The saying “old habits die hard” exists also in Vietnam (Đánh chết cái nết không chừa) and was often used by local officials to justify people’s use of contaminated water, open defecation and the incidence of disease itself. Indeed, much of the health education campaigns prioritise modes of persuasion, using feelings of shame, fear and guilt, without offering a relevant framework upon which local people can evolve their understanding of disease-causing factors and preventive measures.
But, in Vietnam there is also the saying, “she that knows nothing, doubts nothing” (Điếc không sợ sung). If one cannot understand the sources and cycles of local water pollution, they will not question why governments are reluctant to move towards wastewater treatment regulations. If one is also not aware of the safe way to construct and use low-cost household systems of water treatment or sanitation, they will not question the lack of such alternatives in official policies and discourse. Truly participatory, inclusive and contextualized health education is a tool of empowerment for communities and individuals.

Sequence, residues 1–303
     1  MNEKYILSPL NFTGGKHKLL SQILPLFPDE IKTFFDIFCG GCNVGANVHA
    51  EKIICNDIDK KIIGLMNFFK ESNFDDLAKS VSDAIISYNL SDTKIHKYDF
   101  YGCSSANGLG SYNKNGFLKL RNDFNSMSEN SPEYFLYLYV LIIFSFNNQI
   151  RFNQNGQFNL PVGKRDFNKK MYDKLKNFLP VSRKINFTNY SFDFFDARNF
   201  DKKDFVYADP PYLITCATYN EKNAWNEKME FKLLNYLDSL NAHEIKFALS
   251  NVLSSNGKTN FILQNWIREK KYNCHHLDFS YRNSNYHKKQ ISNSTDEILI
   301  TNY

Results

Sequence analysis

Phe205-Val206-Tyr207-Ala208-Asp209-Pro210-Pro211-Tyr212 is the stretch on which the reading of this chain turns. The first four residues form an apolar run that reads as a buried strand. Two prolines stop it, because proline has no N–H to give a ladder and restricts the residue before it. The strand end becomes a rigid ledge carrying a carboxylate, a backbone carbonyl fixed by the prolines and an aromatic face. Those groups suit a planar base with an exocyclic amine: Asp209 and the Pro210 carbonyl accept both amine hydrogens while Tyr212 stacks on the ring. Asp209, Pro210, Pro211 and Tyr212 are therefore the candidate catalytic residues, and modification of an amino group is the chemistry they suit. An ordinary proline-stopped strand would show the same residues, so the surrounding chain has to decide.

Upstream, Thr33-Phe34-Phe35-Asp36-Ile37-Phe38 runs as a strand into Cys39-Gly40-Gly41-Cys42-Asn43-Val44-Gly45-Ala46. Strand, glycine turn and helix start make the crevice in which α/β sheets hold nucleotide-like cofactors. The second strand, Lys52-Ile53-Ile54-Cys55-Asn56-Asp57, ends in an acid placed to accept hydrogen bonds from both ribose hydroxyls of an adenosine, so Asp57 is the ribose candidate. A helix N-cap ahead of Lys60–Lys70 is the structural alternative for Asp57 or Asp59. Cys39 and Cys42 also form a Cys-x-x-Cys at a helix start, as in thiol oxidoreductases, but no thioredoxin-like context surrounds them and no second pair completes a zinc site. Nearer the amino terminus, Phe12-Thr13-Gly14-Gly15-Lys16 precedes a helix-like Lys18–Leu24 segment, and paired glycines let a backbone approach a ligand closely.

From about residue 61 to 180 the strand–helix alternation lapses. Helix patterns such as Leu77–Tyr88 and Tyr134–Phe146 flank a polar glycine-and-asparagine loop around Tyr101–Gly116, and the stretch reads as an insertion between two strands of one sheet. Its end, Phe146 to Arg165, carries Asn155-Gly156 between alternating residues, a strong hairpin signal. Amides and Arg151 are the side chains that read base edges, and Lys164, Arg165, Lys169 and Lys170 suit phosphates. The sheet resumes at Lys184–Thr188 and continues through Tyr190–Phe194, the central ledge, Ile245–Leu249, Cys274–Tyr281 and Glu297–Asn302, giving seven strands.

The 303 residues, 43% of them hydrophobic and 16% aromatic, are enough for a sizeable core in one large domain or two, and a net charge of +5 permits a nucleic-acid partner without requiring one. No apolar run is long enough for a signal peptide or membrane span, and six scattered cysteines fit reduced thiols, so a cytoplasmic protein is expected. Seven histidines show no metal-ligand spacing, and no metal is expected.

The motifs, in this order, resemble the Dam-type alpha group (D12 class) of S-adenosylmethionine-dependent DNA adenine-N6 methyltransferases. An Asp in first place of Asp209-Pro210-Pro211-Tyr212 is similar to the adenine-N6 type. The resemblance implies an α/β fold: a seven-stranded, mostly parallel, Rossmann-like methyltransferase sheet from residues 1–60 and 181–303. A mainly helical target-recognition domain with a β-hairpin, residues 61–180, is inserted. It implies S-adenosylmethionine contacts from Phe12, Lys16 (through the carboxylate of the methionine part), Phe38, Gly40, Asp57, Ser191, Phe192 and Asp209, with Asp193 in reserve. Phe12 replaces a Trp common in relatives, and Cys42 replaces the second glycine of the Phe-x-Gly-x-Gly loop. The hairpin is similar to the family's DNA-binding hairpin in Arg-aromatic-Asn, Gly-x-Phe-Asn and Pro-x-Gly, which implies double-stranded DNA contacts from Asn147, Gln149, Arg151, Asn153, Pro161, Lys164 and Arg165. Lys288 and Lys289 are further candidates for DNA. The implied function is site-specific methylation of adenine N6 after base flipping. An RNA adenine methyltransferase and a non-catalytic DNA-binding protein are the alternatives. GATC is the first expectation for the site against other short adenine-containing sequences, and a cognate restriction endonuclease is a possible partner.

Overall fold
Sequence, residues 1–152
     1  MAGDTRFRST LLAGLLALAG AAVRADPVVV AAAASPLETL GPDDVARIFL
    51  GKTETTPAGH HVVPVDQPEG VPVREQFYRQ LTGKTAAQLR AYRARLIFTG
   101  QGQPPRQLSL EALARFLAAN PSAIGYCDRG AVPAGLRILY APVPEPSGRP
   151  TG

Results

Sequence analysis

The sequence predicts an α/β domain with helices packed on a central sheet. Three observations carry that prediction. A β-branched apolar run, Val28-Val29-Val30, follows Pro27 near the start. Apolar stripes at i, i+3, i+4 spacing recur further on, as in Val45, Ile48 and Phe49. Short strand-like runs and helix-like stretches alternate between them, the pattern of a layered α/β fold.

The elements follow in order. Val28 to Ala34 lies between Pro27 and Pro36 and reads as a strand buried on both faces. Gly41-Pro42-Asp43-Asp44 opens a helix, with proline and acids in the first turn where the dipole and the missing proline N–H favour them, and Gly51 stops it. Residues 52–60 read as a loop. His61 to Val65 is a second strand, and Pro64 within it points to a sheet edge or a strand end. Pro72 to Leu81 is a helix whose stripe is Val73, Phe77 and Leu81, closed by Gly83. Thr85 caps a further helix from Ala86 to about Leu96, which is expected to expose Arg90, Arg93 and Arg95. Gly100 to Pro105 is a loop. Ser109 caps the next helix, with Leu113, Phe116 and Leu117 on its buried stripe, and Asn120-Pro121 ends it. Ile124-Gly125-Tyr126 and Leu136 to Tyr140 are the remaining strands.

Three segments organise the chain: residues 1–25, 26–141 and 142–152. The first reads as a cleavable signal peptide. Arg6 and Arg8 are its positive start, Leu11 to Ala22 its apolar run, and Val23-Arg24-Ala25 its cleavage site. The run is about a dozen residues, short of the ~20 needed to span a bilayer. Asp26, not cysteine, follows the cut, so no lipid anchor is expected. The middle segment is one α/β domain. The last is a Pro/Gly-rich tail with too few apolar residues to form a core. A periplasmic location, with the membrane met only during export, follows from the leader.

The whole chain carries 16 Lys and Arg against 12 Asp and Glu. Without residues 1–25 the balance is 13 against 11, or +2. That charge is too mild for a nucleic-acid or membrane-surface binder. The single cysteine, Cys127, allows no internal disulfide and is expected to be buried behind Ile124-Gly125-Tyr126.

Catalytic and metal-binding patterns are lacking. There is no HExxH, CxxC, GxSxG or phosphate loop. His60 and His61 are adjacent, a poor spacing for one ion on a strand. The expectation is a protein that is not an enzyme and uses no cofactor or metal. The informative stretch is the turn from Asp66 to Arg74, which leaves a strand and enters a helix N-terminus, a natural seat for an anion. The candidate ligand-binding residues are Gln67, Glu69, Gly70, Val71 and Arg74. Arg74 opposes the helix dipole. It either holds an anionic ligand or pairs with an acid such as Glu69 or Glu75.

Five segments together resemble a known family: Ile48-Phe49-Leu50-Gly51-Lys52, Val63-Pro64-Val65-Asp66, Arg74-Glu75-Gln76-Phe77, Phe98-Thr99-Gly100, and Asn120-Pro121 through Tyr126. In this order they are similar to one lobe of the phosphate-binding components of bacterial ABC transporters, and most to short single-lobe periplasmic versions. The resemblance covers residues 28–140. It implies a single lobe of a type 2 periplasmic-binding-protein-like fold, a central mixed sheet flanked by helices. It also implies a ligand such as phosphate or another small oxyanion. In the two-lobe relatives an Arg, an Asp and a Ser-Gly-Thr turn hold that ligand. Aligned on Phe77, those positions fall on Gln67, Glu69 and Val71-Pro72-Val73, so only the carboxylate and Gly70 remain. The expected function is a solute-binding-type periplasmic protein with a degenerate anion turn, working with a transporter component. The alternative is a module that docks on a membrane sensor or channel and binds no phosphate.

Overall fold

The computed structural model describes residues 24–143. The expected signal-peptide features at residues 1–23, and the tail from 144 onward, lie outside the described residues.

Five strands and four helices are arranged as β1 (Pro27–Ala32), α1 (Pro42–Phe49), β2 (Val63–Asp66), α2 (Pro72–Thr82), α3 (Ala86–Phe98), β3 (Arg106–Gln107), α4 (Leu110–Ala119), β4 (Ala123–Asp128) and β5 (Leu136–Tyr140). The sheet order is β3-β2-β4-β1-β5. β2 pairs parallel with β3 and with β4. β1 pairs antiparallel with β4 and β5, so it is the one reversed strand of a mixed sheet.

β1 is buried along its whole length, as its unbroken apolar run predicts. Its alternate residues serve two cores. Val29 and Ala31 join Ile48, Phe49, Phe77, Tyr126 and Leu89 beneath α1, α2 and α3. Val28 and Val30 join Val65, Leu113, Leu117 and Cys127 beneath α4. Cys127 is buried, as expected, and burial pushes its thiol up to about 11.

If I hadn’t experienced some of the nuances behind the striking facts and numbers that George presents, I would have come out of her talk feeling upset. But the premise of my frustration would have been focused on the question of ‘why can’t we convince people to invest in, build, and use toilets’, and thus it would be a largely misplaced criticism. The message missing in discourses like George’s is that in a world of fast-paced and diverse socio-ecological change, health challenges need to be addressed through equally diverse and engaging ways of assimilating new knowledge into already existing systems of understanding.
The result of this work is a monograph entitled “Socio-political and Cultural Determinants of Diarrheal Disease in the Mekong Delta. From Discourse to Incidence”.